Transition- Oh! The Pain of It All

FShincapiephoto I hope you all enjoyed my blasts from the past with the “Best of Chronicles of McCloskey”. I tried to use those to transition to the new season of blog posts following the winter posts and winter activities. As I made my last turns of the season today at Whiteface in the Adirondacks, I felt my usual melancholy of another ski season coming to an end. I know that it has been a long, tough winter for a lot of folks, but I love the winter and I love to ski and it always makes me a little sad when I make the final turns of the year. But, spring is here and the anticipation of the spring and summer activities makes the transition a little easier. Or does it?

If you look at the picture above of George Hincapie suffering in the Hell of the North- Paris Roubaix, it reminds us all that the Spring Classics in Europe are under way and that the suffering that the pros endure will trickle down vicariously to our spring rides on the road and mountain bikes. In the days when I used to race a bike, I paid for all of those ski days and light fitness maintenance in the winter when I dragged the bike out and climbed up that first hill in the spring. I suffered trying to get into shape the best way I could but there is a huge difference between riding rollers and running flat trails in the winter, and actually getting back on the bike and climbing a real hill again. The spring brings back painful memories of trying to shed the winter pounds and getting some miles in on the road and mountain bike.

I can remember clearly doing some early time trials on the road bike with our ACA Bicycle Club and feeling horrible as I pushed myself to my first posted times of the year. I can remember the unpleasant feeling of throwing up all over a tree at the end of the trial and laying on my back wondering why I tortured myself this way. I remember my Greenlee Mountain Bike friends convincing me to do some early season races like the event up in Coburn,Pa where the climbs were painful and muddy and the fire roads at the top of the ridges were still frozen. Guys were dropping like flies as they slid on the ice into the trees and it was all I could do to keep the bike upright and descend in one piece. I was conservative and took my time but it was still an early season, hair raising, rude awakening. It took a while but eventually I was able to get into some reasonable shape but the early season suffering was always something I did not look forward to after a long, fun winter of skiing.

Fast forward to today and the 59 year old kid has a different philosophy. I don’t pressure myself to ride hard to get into shape. With age comes patience and I know that eventually I will get into shape but when the pain on a climb becomes too much, I back off to a reasonable pace and enjoy the ride instead of keeping the back of some guys jersey in my immediate vision. There is no rush anymore to get into shape as quickly as I can. At my age, you can “ease on into it” and I encourage any newcomers to the sport of cycling to do the same. Also, if you are a grizzled veteran like me, I encourage you to do the same and enjoy the ride with me. Let the fast guys go and kill themselves. We have earned the right not to do that anymore. We are not the fast guys- we are the fun guys. Enjoy the ride. I tell anyone who is embarking on an exercise program to always ease into it because if you push yoursef too hard, you will find an excuse not to do it. But if you have patience and slowly develop your fitness base, you will not only enjoy the fresh air, scenery, and exercise, you will also benefit from the mental well being of being on a bicycle. Ease on down that road or trail. You can push yourself eventually and you will know when you feel like you are getting into some decent shape. But for me, there is no need anymore to blow lunch on that tree. I would rather have a nice ride, get into shape and eat that nice enjoyable lunch afterwards.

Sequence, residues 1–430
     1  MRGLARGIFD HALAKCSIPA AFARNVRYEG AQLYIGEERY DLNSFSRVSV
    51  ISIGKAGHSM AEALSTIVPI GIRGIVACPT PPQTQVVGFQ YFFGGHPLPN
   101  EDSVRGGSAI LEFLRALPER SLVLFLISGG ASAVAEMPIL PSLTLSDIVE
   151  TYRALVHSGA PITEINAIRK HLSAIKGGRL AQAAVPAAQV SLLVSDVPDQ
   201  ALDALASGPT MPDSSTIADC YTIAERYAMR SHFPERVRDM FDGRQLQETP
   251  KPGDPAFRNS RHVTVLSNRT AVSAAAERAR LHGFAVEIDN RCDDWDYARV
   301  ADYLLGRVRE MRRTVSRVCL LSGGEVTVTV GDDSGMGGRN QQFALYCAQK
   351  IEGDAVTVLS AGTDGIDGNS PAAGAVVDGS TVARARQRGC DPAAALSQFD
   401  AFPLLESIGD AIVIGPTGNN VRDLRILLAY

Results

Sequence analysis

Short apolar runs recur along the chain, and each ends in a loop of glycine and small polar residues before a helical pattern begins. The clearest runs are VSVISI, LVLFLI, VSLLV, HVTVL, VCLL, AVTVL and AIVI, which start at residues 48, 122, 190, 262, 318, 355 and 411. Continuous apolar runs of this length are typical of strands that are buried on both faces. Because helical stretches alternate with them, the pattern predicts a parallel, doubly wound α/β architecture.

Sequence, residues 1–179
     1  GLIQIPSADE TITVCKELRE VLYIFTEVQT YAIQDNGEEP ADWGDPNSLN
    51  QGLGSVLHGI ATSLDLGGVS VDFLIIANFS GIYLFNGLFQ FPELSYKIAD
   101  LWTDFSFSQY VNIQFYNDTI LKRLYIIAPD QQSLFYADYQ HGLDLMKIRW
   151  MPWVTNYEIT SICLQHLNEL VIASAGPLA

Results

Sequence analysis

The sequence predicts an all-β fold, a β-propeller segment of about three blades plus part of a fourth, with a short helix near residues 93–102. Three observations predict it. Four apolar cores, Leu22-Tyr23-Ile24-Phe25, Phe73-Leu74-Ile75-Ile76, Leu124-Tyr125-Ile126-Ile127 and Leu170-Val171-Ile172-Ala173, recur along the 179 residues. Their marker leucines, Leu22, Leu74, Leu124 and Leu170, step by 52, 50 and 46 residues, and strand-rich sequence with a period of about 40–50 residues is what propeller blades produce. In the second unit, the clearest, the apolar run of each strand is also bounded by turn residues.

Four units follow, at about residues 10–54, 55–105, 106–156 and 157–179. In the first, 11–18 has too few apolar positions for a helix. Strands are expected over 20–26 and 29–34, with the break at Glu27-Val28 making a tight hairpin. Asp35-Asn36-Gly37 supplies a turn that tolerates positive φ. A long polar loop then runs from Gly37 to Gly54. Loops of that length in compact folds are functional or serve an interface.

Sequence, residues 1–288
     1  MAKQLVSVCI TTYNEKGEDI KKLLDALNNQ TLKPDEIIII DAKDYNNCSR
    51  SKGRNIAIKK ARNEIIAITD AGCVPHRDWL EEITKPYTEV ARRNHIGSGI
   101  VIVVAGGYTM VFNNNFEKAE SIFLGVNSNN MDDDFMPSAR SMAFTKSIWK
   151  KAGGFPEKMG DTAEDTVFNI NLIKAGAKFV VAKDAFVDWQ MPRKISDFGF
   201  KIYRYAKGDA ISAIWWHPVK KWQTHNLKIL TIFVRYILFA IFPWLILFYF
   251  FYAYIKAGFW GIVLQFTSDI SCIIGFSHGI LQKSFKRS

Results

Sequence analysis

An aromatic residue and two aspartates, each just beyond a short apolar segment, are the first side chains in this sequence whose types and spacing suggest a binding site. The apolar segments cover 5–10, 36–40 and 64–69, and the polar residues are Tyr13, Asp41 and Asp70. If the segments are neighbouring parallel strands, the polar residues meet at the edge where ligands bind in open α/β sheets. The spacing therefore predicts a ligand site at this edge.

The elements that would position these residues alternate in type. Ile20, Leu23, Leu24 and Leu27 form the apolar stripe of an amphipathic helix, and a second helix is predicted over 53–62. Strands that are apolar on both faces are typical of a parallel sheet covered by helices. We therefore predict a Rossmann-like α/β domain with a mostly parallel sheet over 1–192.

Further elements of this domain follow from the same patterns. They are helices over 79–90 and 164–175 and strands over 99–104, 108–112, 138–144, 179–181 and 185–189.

One other thing that Chris Crowley says in his book,” Younger Next Year” is to get the best equipment that you can afford. Good equipment in any sport makes all the difference in the world and gives you an opportunity to enjoy your sport with the confidence that you have a good ride under you. What the heck, you could get hit by a bus tomorrow, why deny yourself? Something that you are going to ride 3-4 times a week or more should be something that you look forward to using. Old guys like me usually have good equipment but guess what- we need it! Chris Crowley also says that if you keep the same regimen in life, you will be able to do the things that you like to do well into your sixties, seventies, and even eighties. Carpe Deium folks- it’s spring! Thanks for reading.